The immunity boost of a natural infection can be equivalent to getting a fourth dose of vaccine, said Dr. Peter Chin-Hong, an expert in infectious diseases at the University of California, San Francisco. Hybrid immunity can also occur if you become infected before being vaccinated or a booster.
Here’s why. The first time you are vaccinated or infected with a virus, it takes your immune system some time to react. But your immune system has a long memory. It responds faster and increases more antibodies the next time it detects the virus. The effect appears to be even more pronounced in people who have been both vaccinated and infected.
A recent study showed that vaccinated healthcare professionals with breakthrough infections had significantly higher levels of antibodies compared to a vaccinated control group who had not had natural infections. Fikadu Tafesse, an immunologist at Oregon Health & Science University who helped conduct the research, said that although the study was conducted before the omicron wave, the results suggest a drastically increased level of protection after a breakthrough infection.
“Superimmunity may be an abuse, but we know that recent studies show that there is hybrid immunity, really because of immune players known as memory B cells,” said Anita Gupta, an adjunct assistant professor of anaesthesiology and intensive care at Johns Hopkins University School of Medicine. “When some of the short-lived immune cells disappear, these memory B cells will last for a while.”
But here’s the bad news: Exactly how much extra protection you get and how long it lasts will vary from person to person, said Akiko Iwasaki, an immunologist at Yale University. And a person who is immunocompromised or older or otherwise at higher risk for serious illness is likely to generate fewer antibodies than a young, healthy person, and their antibody levels may also drop faster.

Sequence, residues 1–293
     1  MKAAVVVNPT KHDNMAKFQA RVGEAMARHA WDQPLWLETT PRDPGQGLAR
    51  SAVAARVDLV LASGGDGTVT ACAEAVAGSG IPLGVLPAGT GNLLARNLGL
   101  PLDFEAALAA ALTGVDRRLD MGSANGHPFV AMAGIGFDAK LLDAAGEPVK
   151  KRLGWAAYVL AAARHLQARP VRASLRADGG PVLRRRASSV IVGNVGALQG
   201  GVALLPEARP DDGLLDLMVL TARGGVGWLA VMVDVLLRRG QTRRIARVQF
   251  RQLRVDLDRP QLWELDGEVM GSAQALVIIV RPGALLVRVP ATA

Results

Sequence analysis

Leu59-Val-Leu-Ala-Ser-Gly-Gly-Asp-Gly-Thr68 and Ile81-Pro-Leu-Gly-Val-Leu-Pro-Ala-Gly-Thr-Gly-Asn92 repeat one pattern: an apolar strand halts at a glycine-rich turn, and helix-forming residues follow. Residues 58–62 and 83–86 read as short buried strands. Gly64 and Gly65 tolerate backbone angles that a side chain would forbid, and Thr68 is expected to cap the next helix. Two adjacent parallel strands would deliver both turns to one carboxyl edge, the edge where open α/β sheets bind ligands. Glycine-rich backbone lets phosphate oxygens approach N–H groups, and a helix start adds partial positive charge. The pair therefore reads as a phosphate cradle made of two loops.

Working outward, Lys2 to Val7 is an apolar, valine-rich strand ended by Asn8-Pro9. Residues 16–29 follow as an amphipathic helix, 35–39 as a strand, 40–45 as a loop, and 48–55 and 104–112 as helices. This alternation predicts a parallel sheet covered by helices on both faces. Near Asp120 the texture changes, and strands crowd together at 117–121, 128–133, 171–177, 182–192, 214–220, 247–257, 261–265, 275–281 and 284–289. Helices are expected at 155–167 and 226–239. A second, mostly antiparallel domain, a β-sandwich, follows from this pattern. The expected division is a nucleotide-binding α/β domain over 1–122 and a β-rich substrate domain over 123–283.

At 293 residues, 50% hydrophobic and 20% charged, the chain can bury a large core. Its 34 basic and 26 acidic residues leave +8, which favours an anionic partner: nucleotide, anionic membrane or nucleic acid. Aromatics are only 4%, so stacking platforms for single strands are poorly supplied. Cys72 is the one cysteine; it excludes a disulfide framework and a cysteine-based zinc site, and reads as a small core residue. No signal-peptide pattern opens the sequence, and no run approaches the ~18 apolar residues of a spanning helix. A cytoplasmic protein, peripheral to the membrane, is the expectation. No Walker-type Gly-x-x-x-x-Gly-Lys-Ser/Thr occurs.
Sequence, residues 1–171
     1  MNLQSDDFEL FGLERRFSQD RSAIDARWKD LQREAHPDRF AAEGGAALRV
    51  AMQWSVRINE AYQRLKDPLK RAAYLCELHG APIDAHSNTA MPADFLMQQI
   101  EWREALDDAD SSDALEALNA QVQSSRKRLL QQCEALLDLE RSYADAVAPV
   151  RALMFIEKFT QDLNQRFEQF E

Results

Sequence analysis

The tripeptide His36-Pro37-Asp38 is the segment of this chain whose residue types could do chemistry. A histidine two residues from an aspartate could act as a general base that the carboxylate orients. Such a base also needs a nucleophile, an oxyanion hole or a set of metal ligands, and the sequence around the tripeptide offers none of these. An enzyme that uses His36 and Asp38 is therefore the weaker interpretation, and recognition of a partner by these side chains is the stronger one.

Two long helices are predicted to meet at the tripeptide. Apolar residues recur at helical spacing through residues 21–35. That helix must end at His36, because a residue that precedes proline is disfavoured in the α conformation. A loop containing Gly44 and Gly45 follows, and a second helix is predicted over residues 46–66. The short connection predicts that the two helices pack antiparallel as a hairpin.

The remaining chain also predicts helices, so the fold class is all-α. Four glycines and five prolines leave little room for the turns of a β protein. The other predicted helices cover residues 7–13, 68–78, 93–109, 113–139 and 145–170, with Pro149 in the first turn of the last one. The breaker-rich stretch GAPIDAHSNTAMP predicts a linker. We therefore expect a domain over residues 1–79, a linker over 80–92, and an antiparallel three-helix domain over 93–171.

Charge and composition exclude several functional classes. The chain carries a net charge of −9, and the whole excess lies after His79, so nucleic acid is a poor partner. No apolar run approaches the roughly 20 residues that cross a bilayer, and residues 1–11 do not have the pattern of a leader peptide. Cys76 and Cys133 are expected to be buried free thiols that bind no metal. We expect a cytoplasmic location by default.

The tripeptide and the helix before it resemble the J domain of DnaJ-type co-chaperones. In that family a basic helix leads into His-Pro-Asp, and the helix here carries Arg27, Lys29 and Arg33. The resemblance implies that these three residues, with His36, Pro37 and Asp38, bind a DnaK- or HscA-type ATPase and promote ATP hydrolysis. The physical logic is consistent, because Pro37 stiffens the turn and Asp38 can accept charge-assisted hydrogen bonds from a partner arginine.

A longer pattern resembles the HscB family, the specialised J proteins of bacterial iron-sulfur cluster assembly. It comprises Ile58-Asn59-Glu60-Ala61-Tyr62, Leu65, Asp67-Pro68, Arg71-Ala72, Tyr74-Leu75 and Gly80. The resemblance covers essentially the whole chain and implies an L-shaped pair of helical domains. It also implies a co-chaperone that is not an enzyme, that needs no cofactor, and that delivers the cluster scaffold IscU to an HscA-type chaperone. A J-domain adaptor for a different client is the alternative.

It is also not clear whether the severity of the disease affects the level of hybrid protection. A person with severe symptoms may have been exposed to a larger amount of the virus, which would trigger more antibodies and thus more protection, Iwasaki said. A person who was asymptomatic may not have such a robust immune response to the virus and may be more susceptible to re-infection.
“Going back to 2019 behavior is a little too early,” Iwasaki said. “It’s really just playing the lottery, because you do not know how many antibodies you have generated.”
In the short term, recovering from a breakthrough infection means that you are “almost certainly” protected from serious illness after both vaccination and infection, said Dr. Adam Ratner, Director of the Department of Pediatric Infectious Diseases at Hassenfeld Children’s Hospital at NYU Langone.
However, there are not yet enough data on how much hybrid immunity protects you from a mild or asymptomatic breakthrough infection or from spreading the virus to others. And in the future, you may be susceptible to all new varieties that pop up. Some vaccinated people who were previously infected with the delta variant, for example, have been re-infected with omicron, said Jennifer Gommerman, an immunologist at the University of Toronto.